New Game: Multiplier General forum
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simpledeep at 20211008
I tried to find a mathematical combinatorial game, and I wanted it to be a Pen&Paper game too. This is what I came up with:
https://docs.google.com/document/d/1NYMdGFWT1oG8ZwXzAa4gda7Cq4aswrMABCHAl10748/edit?usp=sharing
Here is my initial analysis of the game:
https://boardgamegeek.com/thread/2734040/newnumbergameinvolveslittlebitarithmeticmul
If you scroll down in that thread you will see that someone has already bruteforced 3x3 for us, and it looks like pie should work nicely. I'm still not sure which player may or may not have an advantage on 4x4, and I'm not sure what the best way to implement pie for a game with second player advantage would be.
Draws should be pretty rare, but they are out there! If my feelings about advantage turn out to be correct, then I suppose it makes sense to award draws to the player who's most likely to be at a disadvantage right?
You can easily test the game for yourselves in “google sheets”:
https://docs.google.com/spreadsheets/d/1z1JodhwVfuM5yhlZQVr48Rnpo5RqSnE0tf4I19QmRw/edit?usp=sharing

Enforce Aspiration of Vaccine at 20211009
Instead of a series of whole number
Can a series of prime numbers produce a draw?

simpledeep at 20211009
I wondered this myself. So I tried the pattern I found that provided a draw on every regular sequence AND the onlyodds sequence I tried. I used the equivalent pattern but with prime numbers 223 and it was NOT a draw. Of course that in no way proves that draws are impossible with onlyprimes like that.
I still haven't even been able to find a single draw 4x4 yet…

gamesorry at 20211009
4x4 draws seem to be quite possible:
[[x, 2, 3, 4],
[8, 7, 6, 5],
[9, 10, 11, 12],
[1, 15, 14, y]]x = 16, y = 264, sum_row = 69384, sum_col = 69384
x = 21, y = 256, sum_row = 67824, sum_col = 67824
x = 26, y = 248, sum_row = 66264, sum_col = 66264
x = 31, y = 240, sum_row = 64704, sum_col = 64704
x = 36, y = 232, sum_row = 63144, sum_col = 63144
x = 41, y = 224, sum_row = 61584, sum_col = 61584
x = 46, y = 216, sum_row = 60024, sum_col = 60024
x = 51, y = 208, sum_row = 58464, sum_col = 58464
x = 56, y = 200, sum_row = 56904, sum_col = 56904
x = 61, y = 192, sum_row = 55344, sum_col = 55344
x = 66, y = 184, sum_row = 53784, sum_col = 53784
x = 71, y = 176, sum_row = 52224, sum_col = 52224
x = 76, y = 168, sum_row = 50664, sum_col = 50664
x = 81, y = 160, sum_row = 49104, sum_col = 49104
x = 86, y = 152, sum_row = 47544, sum_col = 47544
x = 91, y = 144, sum_row = 45984, sum_col = 45984
x = 96, y = 136, sum_row = 44424, sum_col = 44424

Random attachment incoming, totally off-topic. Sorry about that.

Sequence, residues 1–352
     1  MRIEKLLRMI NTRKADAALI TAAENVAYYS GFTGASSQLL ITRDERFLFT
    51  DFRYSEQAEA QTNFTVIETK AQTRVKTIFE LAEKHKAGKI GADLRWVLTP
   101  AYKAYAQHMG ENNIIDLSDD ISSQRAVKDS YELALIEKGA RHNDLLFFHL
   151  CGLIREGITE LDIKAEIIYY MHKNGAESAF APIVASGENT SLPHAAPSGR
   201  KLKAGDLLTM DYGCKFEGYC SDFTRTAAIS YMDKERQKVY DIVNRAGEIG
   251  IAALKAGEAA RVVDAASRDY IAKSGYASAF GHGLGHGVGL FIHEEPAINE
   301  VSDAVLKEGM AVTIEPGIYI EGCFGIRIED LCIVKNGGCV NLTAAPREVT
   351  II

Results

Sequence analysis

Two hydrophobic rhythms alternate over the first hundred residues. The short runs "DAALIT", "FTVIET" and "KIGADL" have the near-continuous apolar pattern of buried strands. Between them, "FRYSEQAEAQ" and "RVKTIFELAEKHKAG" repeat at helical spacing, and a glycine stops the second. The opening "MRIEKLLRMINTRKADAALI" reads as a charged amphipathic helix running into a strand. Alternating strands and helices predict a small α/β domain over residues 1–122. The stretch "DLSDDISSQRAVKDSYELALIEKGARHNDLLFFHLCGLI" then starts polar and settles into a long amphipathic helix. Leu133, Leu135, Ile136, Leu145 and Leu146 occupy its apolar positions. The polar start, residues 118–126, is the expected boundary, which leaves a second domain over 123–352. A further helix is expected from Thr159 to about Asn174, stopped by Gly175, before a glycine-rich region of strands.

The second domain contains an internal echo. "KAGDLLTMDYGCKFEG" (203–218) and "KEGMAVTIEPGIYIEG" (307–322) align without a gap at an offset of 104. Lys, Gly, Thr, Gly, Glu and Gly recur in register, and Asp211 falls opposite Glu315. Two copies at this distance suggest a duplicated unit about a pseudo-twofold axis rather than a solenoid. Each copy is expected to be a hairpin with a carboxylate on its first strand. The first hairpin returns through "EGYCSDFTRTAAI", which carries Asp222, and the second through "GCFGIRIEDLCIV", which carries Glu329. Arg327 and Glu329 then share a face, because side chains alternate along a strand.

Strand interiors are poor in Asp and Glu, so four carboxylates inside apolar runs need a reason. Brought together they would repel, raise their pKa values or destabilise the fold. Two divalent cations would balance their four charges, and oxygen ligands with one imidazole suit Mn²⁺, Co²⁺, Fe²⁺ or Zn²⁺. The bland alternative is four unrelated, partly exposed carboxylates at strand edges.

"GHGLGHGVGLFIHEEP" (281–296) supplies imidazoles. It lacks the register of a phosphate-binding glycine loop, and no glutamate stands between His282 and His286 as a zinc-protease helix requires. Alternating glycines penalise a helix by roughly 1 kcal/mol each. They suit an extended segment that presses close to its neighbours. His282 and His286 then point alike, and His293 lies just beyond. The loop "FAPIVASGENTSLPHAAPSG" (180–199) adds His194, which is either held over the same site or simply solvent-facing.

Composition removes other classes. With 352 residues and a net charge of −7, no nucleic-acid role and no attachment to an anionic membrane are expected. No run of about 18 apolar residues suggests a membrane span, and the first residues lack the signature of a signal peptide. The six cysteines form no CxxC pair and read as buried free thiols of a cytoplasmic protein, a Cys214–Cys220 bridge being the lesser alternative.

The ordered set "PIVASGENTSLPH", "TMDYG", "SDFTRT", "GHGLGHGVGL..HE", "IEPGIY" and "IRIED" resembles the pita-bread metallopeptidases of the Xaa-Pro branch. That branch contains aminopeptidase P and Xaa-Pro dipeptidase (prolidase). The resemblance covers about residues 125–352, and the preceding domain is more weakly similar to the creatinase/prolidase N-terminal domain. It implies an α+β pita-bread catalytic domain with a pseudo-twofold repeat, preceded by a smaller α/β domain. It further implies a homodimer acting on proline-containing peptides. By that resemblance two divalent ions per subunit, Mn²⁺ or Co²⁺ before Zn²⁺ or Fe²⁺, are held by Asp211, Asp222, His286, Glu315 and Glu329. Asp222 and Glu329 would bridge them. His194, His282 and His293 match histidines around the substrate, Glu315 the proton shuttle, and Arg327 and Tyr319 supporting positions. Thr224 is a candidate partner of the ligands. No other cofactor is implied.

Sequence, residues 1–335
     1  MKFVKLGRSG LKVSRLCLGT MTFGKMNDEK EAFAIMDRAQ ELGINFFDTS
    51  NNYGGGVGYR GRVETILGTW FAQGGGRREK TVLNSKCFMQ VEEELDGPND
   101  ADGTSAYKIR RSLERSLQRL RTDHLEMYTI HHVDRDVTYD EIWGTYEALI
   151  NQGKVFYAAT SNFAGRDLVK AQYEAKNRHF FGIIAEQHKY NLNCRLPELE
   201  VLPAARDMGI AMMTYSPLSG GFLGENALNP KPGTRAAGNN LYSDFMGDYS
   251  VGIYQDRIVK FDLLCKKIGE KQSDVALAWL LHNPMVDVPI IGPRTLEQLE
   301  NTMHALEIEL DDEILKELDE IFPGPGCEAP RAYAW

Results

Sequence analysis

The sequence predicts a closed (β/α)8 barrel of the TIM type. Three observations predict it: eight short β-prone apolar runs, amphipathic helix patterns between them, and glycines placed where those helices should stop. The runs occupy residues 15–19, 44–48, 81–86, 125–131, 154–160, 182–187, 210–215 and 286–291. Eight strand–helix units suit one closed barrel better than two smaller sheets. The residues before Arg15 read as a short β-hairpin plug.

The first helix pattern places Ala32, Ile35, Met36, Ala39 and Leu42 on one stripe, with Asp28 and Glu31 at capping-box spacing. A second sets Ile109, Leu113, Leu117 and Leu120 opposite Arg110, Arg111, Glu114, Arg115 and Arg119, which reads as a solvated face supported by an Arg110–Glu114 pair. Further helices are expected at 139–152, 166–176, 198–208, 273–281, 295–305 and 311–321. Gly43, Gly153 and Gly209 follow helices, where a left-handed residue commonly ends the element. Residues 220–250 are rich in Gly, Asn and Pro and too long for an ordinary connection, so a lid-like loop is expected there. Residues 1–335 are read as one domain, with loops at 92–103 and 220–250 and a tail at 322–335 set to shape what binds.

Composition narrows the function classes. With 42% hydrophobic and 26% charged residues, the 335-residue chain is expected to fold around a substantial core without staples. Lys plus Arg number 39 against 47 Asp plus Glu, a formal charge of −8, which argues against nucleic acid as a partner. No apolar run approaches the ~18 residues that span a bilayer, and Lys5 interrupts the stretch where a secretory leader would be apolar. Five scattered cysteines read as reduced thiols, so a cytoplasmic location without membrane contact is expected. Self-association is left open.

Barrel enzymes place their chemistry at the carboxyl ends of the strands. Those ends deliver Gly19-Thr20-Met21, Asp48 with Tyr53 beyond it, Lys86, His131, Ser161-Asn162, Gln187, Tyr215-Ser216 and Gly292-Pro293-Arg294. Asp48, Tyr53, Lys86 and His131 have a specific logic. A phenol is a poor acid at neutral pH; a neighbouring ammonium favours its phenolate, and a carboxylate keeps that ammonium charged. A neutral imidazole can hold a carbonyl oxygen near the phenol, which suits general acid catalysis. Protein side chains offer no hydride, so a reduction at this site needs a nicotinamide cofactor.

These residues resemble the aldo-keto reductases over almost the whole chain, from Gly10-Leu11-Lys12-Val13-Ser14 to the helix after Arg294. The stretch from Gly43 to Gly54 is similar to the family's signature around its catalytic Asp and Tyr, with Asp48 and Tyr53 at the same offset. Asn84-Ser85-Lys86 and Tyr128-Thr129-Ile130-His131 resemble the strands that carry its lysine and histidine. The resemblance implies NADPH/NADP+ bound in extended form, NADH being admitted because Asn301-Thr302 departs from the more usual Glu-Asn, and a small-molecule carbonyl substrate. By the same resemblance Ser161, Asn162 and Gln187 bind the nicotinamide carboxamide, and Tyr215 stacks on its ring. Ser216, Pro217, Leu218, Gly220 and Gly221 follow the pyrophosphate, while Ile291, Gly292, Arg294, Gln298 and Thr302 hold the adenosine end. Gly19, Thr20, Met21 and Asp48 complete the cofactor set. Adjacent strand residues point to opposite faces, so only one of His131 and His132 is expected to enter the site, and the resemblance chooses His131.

x = 101, y = 128, sum_row = 42864, sum_col = 42864
x = 106, y = 120, sum_row = 41304, sum_col = 41304
x = 111, y = 112, sum_row = 39744, sum_col = 39744
x = 116, y = 104, sum_row = 38184, sum_col = 38184
x = 121, y = 96, sum_row = 36624, sum_col = 36624
x = 126, y = 88, sum_row = 35064, sum_col = 35064
x = 131, y = 80, sum_row = 33504, sum_col = 33504
x = 136, y = 72, sum_row = 31944, sum_col = 31944
x = 141, y = 64, sum_row = 30384, sum_col = 30384
x = 146, y = 56, sum_row = 28824, sum_col = 28824
x = 151, y = 48, sum_row = 27264, sum_col = 27264
x = 156, y = 40, sum_row = 25704, sum_col = 25704
x = 161, y = 32, sum_row = 24144, sum_col = 24144
x = 166, y = 24, sum_row = 22584, sum_col = 22584
x = 171, y = 16, sum_row = 21024, sum_col = 21024 
gamesorry at 20211009
Found an allprime solution for 4x4 draw:
[[359, 5, 19, 2],
[23, 37, 43, 17],
[29, 47, 31, 7],
[3, 11, 13, 823]]sum_row = 1339129, sum_col = 1339129

simpledeep at 20211009
That's cool, but it appears that each of your examples involves one or two numbers from the set being wildly different from the rest. I think it might ruin the gameplay if you ever tried actually playing a match with any of the sets used in these examples.
Playing with just primes might be ok if its something like 253 or 2997 for example. That way you wouldn't have any one or two numbers that stand out as completely overpowered compared to the rest.
Then again, it's such a simple game anyways, it may be just as fun to use rng for all I know! :P
Did you use a computer to search for these? If so did you try to find draws for more “normal” sets like 116 or 318? Just what kind of computational resources would it take to search for every possible score of a given numbersequence on 4x4?

simpledeep at 20211009
Is it even possible to make an educated guess on whether draws are more or less likely on 4x4 compared to 3x3?